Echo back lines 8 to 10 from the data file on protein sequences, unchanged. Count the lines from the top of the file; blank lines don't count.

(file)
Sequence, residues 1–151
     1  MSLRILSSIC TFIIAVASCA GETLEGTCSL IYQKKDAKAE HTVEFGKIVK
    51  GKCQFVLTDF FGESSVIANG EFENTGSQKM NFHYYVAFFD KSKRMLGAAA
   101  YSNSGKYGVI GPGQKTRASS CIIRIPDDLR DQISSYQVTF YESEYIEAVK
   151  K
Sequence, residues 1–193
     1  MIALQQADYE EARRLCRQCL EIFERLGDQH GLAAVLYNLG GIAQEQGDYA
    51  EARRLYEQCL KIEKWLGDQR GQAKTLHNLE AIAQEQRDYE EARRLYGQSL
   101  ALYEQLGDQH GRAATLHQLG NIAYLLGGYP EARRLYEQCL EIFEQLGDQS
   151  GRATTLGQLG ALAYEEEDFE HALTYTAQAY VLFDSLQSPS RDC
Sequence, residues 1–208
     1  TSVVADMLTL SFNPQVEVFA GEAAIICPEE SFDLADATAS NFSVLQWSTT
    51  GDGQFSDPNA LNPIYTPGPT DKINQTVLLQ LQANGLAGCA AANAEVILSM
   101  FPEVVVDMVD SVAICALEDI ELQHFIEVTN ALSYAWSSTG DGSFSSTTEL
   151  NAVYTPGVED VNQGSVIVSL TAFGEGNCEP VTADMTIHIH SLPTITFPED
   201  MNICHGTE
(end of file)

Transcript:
    51  EARRLYEQCL KIEKWLGDQR GQAKTLHNLE AIAQEQRDYE EARRLYGQSL
   101  ALYEQLGDQH GRAATLHQLG NIAYLLGGYP EARRLYEQCL EIFEQLGDQS
   151  GRATTLGQLG ALAYEEEDFE HALTYTAQAY VLFDSLQSPS RDC